The party’s chairman, Paul Oakden, said the result was ‘disappointing but not desperate’, that the party is used to waiting a long time to achieve its aims and that it may have to go on waiting a long time to win a second seat in the Commons. But since Mr Farage’s departure the party has shown itself to have a penchant for infighting. A by-election victory might have curbed that, but defeat is likely to lead to yet more. The party’s problem about what to do now was expressed by Mr. Nuttall himself in what was a somewhat ambiguous response to defeat. He said: ‘There’s a lot more to come from us. We are not going anywhere. I’m not going anywhere.’
Meanwhile, Labour too faces problems of continuing infighting with no obviously viable strategy to halt its loss of support. John McDonnell, the shadow chancellor and close ally of Mr. Corbyn, called for party unity and suggested that recent critical remarks by the former leader, Tony Blair, and his New Labour acolyte, Lord Mandelson, had contributed to Labour’s defeat in Copeland.
But such unity seems unlikely to be forthcoming when so many Labour MPs simply do not have any faith in Mr. Corbyn’s ability to lead them to victory. Indeed John Woodcock, the Labour MP for Copeland’s neighbouring seat of Barrow, said after the by-election result that the party was on course for a ‘historic and catastrophic defeat’ at the next election. Yet he seemed unable to offer an obvious way to avoid it. He ruled out another challenge to Mr. Corbyn’s leadership on the grounds that it would simply produce the same result, adding: ‘Jeremy Corbyn is going to remain leader of the Labour Party unless he decides that he thinks that it is right to go.’ Mr. Corbyn announced that he has no intention of resigning.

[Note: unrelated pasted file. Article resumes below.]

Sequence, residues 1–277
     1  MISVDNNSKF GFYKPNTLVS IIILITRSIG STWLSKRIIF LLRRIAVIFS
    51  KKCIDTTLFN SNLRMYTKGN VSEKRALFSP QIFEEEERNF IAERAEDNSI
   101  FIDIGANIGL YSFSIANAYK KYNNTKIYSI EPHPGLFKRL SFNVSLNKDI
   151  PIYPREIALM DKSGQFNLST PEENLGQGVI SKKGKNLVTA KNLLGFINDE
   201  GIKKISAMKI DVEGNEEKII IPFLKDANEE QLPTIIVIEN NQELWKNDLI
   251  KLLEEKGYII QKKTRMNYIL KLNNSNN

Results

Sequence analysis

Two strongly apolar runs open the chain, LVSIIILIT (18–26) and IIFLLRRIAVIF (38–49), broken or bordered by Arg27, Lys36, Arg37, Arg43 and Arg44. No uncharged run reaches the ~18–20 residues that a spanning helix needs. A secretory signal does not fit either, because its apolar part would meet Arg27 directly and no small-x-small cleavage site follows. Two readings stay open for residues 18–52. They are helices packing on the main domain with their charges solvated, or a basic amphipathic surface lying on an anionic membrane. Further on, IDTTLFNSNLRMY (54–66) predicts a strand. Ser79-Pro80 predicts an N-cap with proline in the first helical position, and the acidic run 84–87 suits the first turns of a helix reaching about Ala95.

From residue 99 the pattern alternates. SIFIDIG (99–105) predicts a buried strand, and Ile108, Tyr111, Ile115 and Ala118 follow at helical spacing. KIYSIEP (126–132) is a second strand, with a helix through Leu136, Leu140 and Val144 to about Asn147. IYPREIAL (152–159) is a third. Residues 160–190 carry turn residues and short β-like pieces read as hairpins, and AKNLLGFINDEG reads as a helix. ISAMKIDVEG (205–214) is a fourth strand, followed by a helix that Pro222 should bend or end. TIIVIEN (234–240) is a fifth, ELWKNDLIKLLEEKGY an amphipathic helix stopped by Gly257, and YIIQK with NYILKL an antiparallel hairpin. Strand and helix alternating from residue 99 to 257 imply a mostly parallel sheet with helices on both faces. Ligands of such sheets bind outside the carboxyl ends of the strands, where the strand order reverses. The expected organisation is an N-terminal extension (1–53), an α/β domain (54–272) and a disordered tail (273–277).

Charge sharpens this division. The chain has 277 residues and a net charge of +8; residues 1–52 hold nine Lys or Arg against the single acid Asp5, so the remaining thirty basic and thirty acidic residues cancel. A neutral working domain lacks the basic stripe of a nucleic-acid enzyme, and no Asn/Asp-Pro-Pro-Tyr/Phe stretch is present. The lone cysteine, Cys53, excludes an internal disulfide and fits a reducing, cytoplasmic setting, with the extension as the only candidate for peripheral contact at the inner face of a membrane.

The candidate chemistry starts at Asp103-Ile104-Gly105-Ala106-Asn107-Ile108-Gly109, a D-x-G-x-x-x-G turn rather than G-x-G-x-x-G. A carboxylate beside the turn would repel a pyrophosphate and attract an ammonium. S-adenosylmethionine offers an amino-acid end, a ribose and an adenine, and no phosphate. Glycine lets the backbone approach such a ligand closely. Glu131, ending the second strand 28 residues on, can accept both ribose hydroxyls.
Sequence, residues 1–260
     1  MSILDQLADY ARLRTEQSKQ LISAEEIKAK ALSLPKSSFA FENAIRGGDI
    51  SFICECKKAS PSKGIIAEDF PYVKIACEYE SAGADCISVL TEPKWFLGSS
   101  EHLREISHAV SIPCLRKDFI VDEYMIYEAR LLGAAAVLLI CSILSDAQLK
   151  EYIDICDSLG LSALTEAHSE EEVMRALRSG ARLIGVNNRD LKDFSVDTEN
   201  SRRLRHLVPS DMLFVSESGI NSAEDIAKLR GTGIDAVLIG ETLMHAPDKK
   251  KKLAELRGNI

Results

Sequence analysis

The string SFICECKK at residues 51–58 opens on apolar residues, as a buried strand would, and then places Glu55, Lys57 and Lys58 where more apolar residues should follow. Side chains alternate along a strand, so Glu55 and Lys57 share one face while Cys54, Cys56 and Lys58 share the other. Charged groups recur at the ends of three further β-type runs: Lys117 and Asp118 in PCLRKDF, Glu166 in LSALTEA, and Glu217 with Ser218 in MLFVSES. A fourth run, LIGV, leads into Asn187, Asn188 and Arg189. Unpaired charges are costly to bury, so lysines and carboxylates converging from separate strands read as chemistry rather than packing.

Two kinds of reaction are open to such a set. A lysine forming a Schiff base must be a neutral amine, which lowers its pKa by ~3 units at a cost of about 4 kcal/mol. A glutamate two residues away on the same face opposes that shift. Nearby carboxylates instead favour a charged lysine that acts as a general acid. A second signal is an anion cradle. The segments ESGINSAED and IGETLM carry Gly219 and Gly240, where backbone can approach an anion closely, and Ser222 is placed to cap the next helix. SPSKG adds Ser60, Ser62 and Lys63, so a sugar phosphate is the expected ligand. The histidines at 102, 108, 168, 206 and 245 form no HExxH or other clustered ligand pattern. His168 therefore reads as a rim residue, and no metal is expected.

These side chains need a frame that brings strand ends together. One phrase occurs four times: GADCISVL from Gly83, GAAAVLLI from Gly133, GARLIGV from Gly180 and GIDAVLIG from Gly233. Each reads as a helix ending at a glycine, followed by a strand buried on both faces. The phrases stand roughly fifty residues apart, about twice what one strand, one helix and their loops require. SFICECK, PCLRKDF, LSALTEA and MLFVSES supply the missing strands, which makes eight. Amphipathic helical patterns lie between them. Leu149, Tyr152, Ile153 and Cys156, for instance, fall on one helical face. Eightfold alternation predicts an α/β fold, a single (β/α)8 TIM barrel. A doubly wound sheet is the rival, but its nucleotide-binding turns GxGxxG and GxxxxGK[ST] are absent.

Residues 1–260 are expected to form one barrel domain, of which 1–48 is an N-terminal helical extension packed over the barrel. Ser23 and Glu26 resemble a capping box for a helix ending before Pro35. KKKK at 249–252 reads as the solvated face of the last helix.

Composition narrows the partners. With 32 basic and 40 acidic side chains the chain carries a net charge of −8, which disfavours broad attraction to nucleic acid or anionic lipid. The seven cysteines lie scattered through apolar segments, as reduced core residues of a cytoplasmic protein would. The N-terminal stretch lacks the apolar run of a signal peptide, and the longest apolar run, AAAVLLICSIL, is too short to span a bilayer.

So both Labour and UKIP, each having suffered defeat on Thursday, face the prospect of continuing failure without any obvious strategy to reverse the trend. Meanwhile Mrs. May is sitting pretty.
Do you think Labour and UKIP can get themselves out of the predicaments they now find themselves in or are they both embarking on long-term decline? If they do have a future, what do you think they need to do to secure it?
No doubt they would both welcome any ideas you may have, but let us know first.